I have recently learned through my own emotions that just becasue you may have lost someone years ago, doesn't mean that the holidays won't be hard to cope with.

My son passed in May of 08'. That Christmas was so difficlut. 09" seemed to be easyer, maybe it was becasue we had our daughter Sarah in august of 09'. but this one, 2010 seems to just be tearing at me. I can't release this pain. I am going to get through this. My husband is here with me, I have Faith and Sarah. But I am finding my mid wondering.

It could just be with the book coming to a end that I have a few how to say unresolved issues to cope and to deal with. I know I need to talk to my husband to make sure that he knows what's going on w/ me, but so I know what he is dealing with as well. He lost his sons. We held Thomas and said good bye together. I know he misses them. And maybe all we need is s good cry.

Just becasue we have a list of thing to do, the shopping, wrapping presents, doesn't mean that your life stops. You eed to learn how to deal, roll with the punches, so to speak.

Monday, December 20, 2010

I did it!

In January of 2011. my book will be out! It will be available on kindle, and then paper back.

I have 22 women's stories all together.

If you liev abroad and cannot get it let me know and I'll send you one. No one should go through TTTS along.


Tuesday, November 23, 2010

Finding new moms...

I know that it's been a while since I last posted something.

But I really wish the new moms had something more. Something they could hold or have better support.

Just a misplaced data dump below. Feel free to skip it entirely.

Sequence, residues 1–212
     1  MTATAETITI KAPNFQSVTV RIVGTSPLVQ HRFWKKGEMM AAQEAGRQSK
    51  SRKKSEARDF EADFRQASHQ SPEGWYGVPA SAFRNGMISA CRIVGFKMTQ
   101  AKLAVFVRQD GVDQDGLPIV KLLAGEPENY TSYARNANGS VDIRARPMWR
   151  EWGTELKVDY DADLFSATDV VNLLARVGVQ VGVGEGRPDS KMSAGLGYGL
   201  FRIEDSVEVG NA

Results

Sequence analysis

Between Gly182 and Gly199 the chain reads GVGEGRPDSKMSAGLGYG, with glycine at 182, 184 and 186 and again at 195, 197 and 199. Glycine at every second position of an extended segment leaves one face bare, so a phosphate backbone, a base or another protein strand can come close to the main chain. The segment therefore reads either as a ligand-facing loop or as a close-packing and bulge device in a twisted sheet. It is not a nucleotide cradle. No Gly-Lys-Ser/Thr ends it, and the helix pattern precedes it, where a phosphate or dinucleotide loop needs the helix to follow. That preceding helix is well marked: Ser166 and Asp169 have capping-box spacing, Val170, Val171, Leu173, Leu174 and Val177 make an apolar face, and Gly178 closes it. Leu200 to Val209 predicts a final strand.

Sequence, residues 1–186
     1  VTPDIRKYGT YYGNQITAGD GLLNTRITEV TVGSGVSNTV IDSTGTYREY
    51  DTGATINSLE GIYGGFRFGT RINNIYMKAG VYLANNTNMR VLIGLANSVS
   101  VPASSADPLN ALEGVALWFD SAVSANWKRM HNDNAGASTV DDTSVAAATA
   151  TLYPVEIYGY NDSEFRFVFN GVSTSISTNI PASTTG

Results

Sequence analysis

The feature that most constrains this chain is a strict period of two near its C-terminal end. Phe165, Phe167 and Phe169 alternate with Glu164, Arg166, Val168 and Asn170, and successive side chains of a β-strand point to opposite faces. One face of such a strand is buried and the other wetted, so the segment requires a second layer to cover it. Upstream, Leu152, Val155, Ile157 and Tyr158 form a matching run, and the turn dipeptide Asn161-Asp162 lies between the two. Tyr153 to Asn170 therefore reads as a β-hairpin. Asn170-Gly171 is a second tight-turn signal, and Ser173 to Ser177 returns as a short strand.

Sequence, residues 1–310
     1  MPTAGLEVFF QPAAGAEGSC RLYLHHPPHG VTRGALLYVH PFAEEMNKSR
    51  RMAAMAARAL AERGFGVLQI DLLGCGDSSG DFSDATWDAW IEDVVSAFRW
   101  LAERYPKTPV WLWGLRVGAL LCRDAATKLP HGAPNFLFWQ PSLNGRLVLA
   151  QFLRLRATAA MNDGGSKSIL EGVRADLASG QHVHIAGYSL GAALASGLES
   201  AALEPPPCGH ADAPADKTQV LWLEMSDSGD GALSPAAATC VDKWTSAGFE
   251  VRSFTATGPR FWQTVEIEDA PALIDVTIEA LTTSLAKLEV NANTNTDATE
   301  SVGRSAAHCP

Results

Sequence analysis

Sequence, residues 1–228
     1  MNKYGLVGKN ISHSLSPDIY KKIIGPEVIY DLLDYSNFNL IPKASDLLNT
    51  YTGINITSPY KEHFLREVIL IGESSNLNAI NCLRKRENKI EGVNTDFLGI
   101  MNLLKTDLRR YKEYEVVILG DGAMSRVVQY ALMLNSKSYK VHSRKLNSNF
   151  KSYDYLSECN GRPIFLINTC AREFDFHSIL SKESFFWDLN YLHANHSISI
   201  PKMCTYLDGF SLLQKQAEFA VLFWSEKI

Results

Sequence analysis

That can be the best thing to ease a mothers worries. To know her family, her support system is there for her. I wish that everyone who has read my blog would write a note or send me a message. I would be more then happy to talk to anyone to discuss what is happening and not to give up.

I wish more families took the initiative to learn about TTTS. If they could ease the stress a little bit, I could help. 

Monday, November 8, 2010

deciding on what treatment.

I have been asked this a lot over the past 2 years. "How did you choose the treatment option?".

Well, is a combination of  what you the mom or dad feel is right for your family and how your TTTS has developed.

Such as the laser treatment would have save both of my sons had it not been for the anterior placenta. And due to that had we chosen to terminate one son, the other more then likely would have survived. But, we did not have this information durring the pregnancy.

We can rest knowing that we gave both sons a fighting chance.

We knew we couldn't have lived with our selves if we went through with the selection and then to find out we would have had both, had we done nothing.

You basically have to search you own heart to decide. Also know, that no one can judge you. Parents, siblings, clergy, strangers, they will but shouldn't.

Thursday, October 7, 2010


By: Colleen Fledderman
Newtown Square, PA

Bereaved Mother
I have never met Carlie Brucia’s mother, Nicole Brown Simpson’s mother, Polly Klass’s
mother, Princess Dianna’s mother, Carolyn Bessette Kennedy’s mother or Laci
Peterson’s mother. But I know them all intimately. I know what dwells in their hearts
and souls everyday. Like them I buried my daughter.
What am I now? Am I a daughterless mother? That sounds like an oxymoron, two
words that contradict themselves. My eighteen year old daughter, Amy Marie, died on
May 25, 2001. My life is forever changed. Burying a daughter is a surreal experience.
There are no words in Webster’s Dictionary that can explain the grief, the heartache, the
pain, the depression or the anguish. Heartbroken is too small a word. The words don’t
exist because it is not supposed to happen. There are no plausible definitions that could
accurately describe “bereaved parent.” Groups of words can’t be strung together on a
typed page to accurately explain the grief. It is impossible to bury your child, yet it
Logically, the factual part of my brain processed the information. The emotional part of